Page last updated at 01:47 GMT, Monday, 21 December 2009

Payments plea for foster carers

Generic children
There are more than 4,000 children in foster care in Scotland

All foster carers in Scotland should be paid a national minimum allowance, a charity has claimed.

Fostering Network Scotland said many carers were left out of pocket by a "postcode lottery" on allowances.

National minimum allowances have already been set up in England and Northern Ireland, but in Scotland the payments are still set by councils.

The Scottish government said it believed local decisions on allowances were better.

Fostering Network Scotland said its research suggested that it cost foster carers at least £125 a week to look after a child under the age of four.

This rose to £216 for a child between 16 and 18, the charity said.

It found that half of local authorities in Scotland had paid less than the charity's recommended rates last year, meaning many foster carers were left with no choice but to either dip into their own pockets, or see their fostered children go without.

Our survey showed half of local authorities do give their foster carers adequate allowances, so it is not an impossible task
Sarah Lurie
Fostering Network Scotland

Fostering Network Scotland director Sara Lurie called on the Scottish government to show it fully values children in care by ensuring all foster carers across the country have enough money to pay for the things that their fostered children need.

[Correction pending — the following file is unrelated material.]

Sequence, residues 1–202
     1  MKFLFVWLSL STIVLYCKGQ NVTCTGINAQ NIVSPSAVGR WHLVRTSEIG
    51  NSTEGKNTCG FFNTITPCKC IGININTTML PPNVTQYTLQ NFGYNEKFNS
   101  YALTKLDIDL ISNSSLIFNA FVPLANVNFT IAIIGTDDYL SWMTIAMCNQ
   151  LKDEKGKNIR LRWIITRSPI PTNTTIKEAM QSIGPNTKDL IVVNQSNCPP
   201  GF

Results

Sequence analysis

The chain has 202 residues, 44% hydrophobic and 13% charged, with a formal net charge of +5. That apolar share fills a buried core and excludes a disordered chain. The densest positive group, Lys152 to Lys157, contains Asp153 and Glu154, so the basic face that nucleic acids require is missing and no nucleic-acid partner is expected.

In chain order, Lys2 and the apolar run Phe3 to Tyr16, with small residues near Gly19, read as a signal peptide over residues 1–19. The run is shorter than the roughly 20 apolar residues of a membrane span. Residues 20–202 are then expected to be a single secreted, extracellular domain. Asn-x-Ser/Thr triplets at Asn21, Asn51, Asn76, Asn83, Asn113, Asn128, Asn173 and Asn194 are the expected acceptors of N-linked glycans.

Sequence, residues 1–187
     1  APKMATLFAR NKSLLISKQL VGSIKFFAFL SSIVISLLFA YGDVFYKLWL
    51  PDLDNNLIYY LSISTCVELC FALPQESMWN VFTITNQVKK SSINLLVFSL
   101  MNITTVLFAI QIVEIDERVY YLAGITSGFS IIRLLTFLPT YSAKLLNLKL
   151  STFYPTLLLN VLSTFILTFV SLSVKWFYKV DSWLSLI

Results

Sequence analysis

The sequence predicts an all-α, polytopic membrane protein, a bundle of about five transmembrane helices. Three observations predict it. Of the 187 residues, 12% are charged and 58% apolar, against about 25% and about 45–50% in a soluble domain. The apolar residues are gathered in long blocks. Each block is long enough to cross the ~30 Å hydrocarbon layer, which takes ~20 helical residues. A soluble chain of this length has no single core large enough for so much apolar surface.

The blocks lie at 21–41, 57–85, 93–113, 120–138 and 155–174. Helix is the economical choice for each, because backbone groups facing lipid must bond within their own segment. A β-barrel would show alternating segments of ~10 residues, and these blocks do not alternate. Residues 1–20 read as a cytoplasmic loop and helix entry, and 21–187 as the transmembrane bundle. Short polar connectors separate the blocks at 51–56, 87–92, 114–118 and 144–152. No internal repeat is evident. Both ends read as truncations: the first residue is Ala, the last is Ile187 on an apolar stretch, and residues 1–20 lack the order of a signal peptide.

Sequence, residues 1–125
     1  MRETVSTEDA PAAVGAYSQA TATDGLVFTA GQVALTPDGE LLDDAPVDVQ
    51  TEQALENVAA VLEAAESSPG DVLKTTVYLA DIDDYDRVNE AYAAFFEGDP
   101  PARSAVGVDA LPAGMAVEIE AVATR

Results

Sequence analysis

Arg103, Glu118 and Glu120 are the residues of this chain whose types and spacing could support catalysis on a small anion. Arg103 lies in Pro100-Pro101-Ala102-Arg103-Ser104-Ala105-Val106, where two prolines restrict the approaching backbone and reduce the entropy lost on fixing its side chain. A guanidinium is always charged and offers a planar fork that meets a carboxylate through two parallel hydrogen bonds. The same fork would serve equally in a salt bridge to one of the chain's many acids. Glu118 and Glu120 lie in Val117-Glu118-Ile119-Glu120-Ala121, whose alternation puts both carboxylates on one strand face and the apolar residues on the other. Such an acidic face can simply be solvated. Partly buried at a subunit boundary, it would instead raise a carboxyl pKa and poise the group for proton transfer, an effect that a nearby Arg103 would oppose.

"At a time when more children are coming into care and 1,700 more foster families are needed in Scotland, it is vital that the government addresses this as a matter of urgency," she said.

"How does it propose to recruit more foster carers to look after some of the most vulnerable children if it can't even guarantee that they will be able to make ends meet?

"Our survey showed half of local authorities do give their foster carers adequate allowances, so it is not an impossible task.

"But the only way to bring an end to this postcode lottery is to make payment of proper allowances a statutory requirement. Otherwise foster carers and fostered children will continue to lose out."

'Increasing number'

A Scottish government spokesman said: "Local authorities are best placed to make decisions about the levels of allowances.

"We support them in moving towards payments at the Fostering Network's recommended rate and are pleased that an increasing number of councils are doing so. However, these are decisions best made locally."

About 6,160 children are looked after away from home on any given day in Scotland.

Of these, 4,240 live with 3,200 foster families. The Fostering Network estimates there is a shortage of 1,700 foster families.

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